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The daughters of kings are among your honorable women.
At your right hand the queen stands adorned in gold of Ophir. Bible

“daughters of kings.” The Davidic king had many women in his court. Traditional Christianity sees this as referring to Christian women being with Christ, but that is only assumed because the Psalm is traditionally believed to be only about Jesus, who did not have women and was not married.

“the queen.” The Davidic king would have a queen, and the couple will have sons (Ps. 45:16). Tradition says the queen is the Church, but the ancients would not have read the psalm that way, and the Church is nowhere else referred to as a queen. But when the meaning of the psalm is misapplied and is said to only be about Christ, then interpretations are invented to make what the psalm says fit theology. If the queen is the Church, then there are serious problems with Psalm 45:10, which directs her to forget her “own people” (which would be fellow Christians) and her “father’s house” (which would be the house of God).

The chronology of the psalm can be confusing at first but is understandable. Here in Psalm 45:9 the royal couple are already married, and then Psalm 45:10-14 gives details of some of what happened before the marriage. This kind of “conclusion, then details” happens all the time in life. For example, if there is a car wreck the driver of a car might say, “I was in a wreck but nobody was hurt. I was driving down the road when…,” and thus the driver starts with the finished event and then fills in details of how things happened.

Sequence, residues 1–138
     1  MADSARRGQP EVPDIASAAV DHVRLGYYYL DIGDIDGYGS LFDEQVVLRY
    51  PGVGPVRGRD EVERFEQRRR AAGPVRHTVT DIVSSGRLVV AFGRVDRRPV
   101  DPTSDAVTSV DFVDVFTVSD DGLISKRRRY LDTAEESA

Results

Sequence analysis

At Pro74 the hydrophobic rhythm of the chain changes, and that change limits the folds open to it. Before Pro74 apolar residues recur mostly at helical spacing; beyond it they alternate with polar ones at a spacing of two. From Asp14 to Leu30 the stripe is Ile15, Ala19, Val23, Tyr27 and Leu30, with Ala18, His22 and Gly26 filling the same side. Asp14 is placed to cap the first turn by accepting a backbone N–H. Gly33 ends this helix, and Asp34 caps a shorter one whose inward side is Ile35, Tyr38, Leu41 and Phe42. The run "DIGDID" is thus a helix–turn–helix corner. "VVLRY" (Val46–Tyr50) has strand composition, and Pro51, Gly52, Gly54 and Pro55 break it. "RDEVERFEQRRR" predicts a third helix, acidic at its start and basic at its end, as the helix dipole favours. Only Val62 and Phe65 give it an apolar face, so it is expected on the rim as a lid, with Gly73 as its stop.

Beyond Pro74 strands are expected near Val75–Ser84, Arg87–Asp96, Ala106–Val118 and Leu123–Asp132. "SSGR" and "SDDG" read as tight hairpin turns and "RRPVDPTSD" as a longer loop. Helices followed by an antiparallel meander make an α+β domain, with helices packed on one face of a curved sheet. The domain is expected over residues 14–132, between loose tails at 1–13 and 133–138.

The queen is said to be a woman of foreign descent, possibly from Tyre (Ps. 45:12) who was told to forget her own people and father’s house (Ps. 45:10), and she and her husband have an ivory house (Ps. 45:8). Those facts have led some commentators to suggest that this psalm is referring to the marriage of the Phoenician princess Jezebel to King Ahab, who had an ivory palace (1 Kings 22:39). But that is untenable since Ahab does not fit the characteristics of a godly king that are so prominent in the psalm. Solomon, who also married foreign women and lived in luxury, is a much more likely candidate.


Commentary for: Psalms 45:9